Repository For Mac Os X

  1. Macintosh Repository
  2. Is Macintosh Repository Safe
  3. Repository For Mac Os X 10.8
  4. Repository Mac Os X

Estimated reading time: 16 minutes

Welcome to Docker Desktop! The Docker Desktop for Mac user manual provides information on how to configure and manage your Docker Desktop settings.

If you're planning on running the treasures of the past you'll find here on real old Macintosh hardware from the 90's, you sir/madame, deserve to win an Internet! For others, there's SheepShaver, a PowerPC emulator capable of running Mac OS 9.0.4 down to Mac OS 7.5.2 and there's Basilisk II, a 68k emulator, capable of running Mac OS (8.1 to 7.0).

For information about Docker Desktop download, system requirements, and installation instructions, see Install Docker Desktop.

  1. Macintosh Garden allows any uploads that have been abandoned for ten years or more, which seems like a reasonable timeframe. They have a lot of stuff for PPC OS X, and even some very early Intel apps. What they sadly don't have is a good way to sort between Classic and OS X.
  2. This project (the boot2docker OS X Installer) is officially deprecated in favor of the new Docker Toolbox.

Note

This page contains information about the Docker Desktop Stable release. For information about features available in Edge releases, see the Edge release notes.

Preferences

The Docker Preferences menu allows you to configure your Docker settings such as installation, updates, version channels, Docker Hub login,and more.

Choose the Docker menu > Preferences from themenu bar and configure the runtime options described below.

General

On the General tab, you can configure when to start and update Docker:

  • Start Docker Desktop when you log in: Automatically starts Docker Desktop when you open your session.

  • Automatically check for updates: By default, Docker Desktop automatically checks for updates and notifies you when an update is available. You can manually check for updates anytime by choosing Check for Updates from the main Docker menu.

  • Include VM in Time Machine backups: Select this option to back up the Docker Desktop virtual machine. This option is disabled by default.

  • Securely store Docker logins in macOS keychain: Docker Desktop stores your Docker login credentials in macOS keychain by default.

  • Send usage statistics: Docker Desktop sends diagnostics, crash reports, and usage data. This information helps Docker improve and troubleshoot the application. Clear the check box to opt out.

    Click Switch to the Edge version to learn more about Docker Desktop Edge releases.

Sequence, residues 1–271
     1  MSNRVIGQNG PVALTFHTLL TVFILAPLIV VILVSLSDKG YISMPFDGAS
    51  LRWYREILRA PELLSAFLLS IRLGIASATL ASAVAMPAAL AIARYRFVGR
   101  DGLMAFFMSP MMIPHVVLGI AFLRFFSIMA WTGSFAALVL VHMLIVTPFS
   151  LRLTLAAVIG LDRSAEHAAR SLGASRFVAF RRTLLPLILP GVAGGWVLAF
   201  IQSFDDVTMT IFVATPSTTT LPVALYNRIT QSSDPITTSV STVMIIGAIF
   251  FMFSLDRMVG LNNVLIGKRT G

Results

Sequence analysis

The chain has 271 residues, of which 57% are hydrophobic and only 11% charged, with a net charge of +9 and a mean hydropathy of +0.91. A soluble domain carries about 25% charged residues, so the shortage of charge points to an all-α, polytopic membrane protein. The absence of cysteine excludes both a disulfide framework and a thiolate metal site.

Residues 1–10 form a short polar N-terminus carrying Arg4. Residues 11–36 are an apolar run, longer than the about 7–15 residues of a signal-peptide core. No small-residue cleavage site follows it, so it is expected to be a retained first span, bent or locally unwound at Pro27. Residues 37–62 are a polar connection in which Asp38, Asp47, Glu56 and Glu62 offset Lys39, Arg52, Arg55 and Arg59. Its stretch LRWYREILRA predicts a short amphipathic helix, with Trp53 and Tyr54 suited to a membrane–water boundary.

Resources

The Resources tab allows you to configure CPU, memory, disk, proxies, network, and other resources.

Advanced

Macintosh Repository

On the Advanced tab, you can limit resources available to Docker.

Advanced settings are:

CPUs: By default, Docker Desktop is set to use half the number of processorsavailable on the host machine. To increase processing power, set this to ahigher number; to decrease, lower the number.

Memory: By default, Docker Desktop is set to use 2 GB runtime memory,allocated from the total available memory on your Mac. To increase the RAM, set this to a higher number. To decrease it, lower the number.

Swap: Configure swap file size as needed. The default is 1 GB.

Repository

Disk image size: Specify the size of the disk image.

Disk image location: Specify the location of the Linux volume where containers and images are stored.

You can also move the disk image to a different location. If you attempt to move a disk image to a location that already has one, you get a prompt asking if you want to use the existing image or replace it.

File sharing

Use File sharing to allow local directories on the Mac to be shared with Linux containers.This is especially useful forediting source code in an IDE on the host while running and testing the code in a container.By default the /Users, /Volume, /private, /tmp and /var/folders directory are shared. If your project is outside this directory then it must be addedto the list. Otherwise you may get Mounts denied or cannot start service errors at runtime.

File share settings are:

  • Add a Directory: Click + and navigate to the directory you want to add.

  • Apply & Restart makes the directory available to containers using Docker’sbind mount (-v) feature.

Tips on shared folders, permissions, and volume mounts

  • Shared folders are designed to allow application code to be edited on the host while being executed in containers. For non-code items such as cache directories or databases, the performance will be much better if they are stored in the Linux VM, using a data volume (named volume) or data container.

  • By default, Mac file systems are case-insensitive while Linux is case-sensitive. On Linux, it is possible to create 2 separate files: test and Test, while on Mac these filenames would actually refer to the same underlying file. This can lead to problems where an app works correctly on a Mac (where the file contents are shared) but fails when run in Linux in production (where the file contents are distinct). To avoid this, Docker Desktop insists that all shared files are accessed as their original case. Therefore, if a file is created called test, it must be opened as test. Attempts to open Test will fail with the error No such file or directory. Similarly, once a file called test is created, attempts to create a second file called Test will fail. For more information, see Volume mounting requires file sharing for any project directories outside of /Users.)